If you find the room in a state of disarray anyways, simply asking the bridesmaids if they can move their stuff can go a long way. Another trick to get around the mess in the room is to strategically place something in the foreground of the frame to hide whatever is messy. I often use a glass of water, flowers or even a door to act as a mask… you've got to hide that half eaten platter of Chick-fil-a somehow!
3. Find the light.
Luckily, most makeup artists will put the bride near a window as they need natural, flat light as much as we do. But for hairstylists, this usually isn’t the case. For this reason alone, I prefer a bride to get her hair done first so that we can show up when she’s doing her makeup.
If the bride is getting her makeup done in less than optimal light, asking her to move to a better spot shouldn’t be a problem. If you find the bride getting her hair done in the tiny yellowish hotel bathroom and your images don’t look good at a high ISO, the best option might be to bust out the flash.
One thing to remember with these shots is that no one in all 300+ weddings we have shot has ever ordered a print, let alone a large print, of hair and makeup shots. These photos, if used at all, will be a small arrangement of photos on one page of the album. So a little grain is no problem at all.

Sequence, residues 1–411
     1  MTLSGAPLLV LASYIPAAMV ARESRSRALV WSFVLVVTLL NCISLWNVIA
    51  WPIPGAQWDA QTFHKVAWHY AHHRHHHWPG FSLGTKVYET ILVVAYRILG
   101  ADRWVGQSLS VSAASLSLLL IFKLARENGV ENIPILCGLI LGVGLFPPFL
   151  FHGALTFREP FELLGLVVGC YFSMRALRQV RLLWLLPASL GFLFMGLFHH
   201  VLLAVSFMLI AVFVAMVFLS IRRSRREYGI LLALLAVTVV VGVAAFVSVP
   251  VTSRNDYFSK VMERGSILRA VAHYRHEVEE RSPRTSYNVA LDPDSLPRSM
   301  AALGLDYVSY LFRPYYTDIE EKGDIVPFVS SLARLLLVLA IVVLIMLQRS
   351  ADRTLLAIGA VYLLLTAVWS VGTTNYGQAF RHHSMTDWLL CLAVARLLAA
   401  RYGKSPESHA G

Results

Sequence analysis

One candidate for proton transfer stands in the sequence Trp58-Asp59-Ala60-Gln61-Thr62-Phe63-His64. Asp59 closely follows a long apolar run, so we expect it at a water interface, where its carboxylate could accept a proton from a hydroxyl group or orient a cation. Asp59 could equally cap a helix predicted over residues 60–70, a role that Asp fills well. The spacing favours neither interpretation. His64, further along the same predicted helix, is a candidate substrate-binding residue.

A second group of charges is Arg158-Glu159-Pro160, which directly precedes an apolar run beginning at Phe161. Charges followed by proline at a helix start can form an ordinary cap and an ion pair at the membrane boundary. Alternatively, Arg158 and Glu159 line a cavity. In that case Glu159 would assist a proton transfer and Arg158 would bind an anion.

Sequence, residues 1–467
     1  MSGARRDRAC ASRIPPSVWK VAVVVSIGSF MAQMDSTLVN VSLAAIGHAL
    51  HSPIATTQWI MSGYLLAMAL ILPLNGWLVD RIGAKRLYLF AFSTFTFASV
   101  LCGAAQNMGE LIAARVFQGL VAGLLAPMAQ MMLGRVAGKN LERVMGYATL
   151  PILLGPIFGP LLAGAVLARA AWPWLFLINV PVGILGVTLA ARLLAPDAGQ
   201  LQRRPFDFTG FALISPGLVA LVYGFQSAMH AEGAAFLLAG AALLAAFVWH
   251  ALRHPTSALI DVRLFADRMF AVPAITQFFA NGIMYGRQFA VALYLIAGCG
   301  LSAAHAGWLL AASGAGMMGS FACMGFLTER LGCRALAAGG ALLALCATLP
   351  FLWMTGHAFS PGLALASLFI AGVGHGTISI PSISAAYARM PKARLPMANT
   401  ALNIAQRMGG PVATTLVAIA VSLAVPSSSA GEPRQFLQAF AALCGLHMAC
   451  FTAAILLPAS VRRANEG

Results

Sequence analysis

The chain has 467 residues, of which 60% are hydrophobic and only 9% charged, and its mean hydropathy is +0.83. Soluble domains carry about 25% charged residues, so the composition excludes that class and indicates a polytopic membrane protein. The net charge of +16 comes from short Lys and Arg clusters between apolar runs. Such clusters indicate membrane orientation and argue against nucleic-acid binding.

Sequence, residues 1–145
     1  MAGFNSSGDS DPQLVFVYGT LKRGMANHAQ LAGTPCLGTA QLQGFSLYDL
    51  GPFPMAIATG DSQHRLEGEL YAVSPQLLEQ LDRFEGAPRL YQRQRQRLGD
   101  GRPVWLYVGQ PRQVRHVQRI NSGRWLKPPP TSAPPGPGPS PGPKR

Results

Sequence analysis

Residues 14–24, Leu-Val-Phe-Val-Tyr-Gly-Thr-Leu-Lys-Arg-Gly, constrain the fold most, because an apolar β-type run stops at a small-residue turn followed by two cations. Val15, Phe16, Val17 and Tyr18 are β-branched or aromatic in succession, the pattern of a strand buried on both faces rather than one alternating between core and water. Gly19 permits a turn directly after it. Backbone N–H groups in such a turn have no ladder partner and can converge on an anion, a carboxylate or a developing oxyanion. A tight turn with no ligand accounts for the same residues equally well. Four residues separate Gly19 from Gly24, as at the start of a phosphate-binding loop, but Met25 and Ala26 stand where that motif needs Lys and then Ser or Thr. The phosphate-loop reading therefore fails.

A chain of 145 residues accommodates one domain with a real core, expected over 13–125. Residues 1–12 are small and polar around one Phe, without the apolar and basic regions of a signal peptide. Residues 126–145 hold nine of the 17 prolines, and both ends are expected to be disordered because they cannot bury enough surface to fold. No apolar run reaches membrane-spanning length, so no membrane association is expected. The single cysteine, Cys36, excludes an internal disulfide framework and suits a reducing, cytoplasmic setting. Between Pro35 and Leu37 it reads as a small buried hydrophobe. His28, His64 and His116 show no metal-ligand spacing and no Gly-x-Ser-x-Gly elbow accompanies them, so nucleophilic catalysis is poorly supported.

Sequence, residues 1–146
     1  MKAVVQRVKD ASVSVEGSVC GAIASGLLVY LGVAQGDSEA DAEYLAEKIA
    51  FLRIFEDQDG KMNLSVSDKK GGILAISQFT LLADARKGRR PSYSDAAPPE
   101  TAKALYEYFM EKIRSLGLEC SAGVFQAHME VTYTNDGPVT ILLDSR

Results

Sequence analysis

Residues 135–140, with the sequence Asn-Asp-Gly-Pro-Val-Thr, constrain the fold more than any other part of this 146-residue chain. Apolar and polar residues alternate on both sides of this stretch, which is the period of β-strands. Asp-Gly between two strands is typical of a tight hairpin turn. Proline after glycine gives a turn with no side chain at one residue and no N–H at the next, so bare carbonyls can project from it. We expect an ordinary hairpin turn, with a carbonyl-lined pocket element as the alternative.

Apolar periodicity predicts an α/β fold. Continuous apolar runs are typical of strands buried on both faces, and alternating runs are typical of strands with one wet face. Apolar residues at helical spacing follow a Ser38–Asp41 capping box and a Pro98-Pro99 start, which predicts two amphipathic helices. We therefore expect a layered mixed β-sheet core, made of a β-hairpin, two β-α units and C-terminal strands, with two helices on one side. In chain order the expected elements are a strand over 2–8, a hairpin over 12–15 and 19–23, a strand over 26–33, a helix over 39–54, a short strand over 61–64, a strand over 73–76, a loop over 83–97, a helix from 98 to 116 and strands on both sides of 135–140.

4. Breaking the ice.
One of the main reasons I find taking getting ready pictures essential has nothing to do with taking pictures. This last hour before the day really gets going is usually when the nerves start to become apparent. Is the mother of the groom giving away her baby boy? Is the bride nervous about walking in front of a lot of people?
You can step into the “getting ready” room, and if you just observe, you can get a feel for the cast of characters and their quirks. Who’s the loud bridesmaid? Who can you ask for help for finding family members? What’s the sense of humor for the people involved (will my dirty jokes work to make big groups laugh, or should I stick to the clean ones)?
It’s also a great time to simply check in with the parents of the bride and groom. You’d be surprised how receptive they are to you simply saying, “Hi, I’m so excited about today and I’m going to enjoy shooting this wedding so much, but is there a specific picture you are looking forward to seeing?”
I know it seems like a tiny gesture, but over the years, I’ve had people cry and open up to me about realities that I wouldn’t have known if I didn’t start up a conversation with them.
Some of the answers I’ve gotten have been, “Thank you for asking. It’s been hard. My mom who’s here was just diagnosed with something terminal and I would really just love a picture with her.”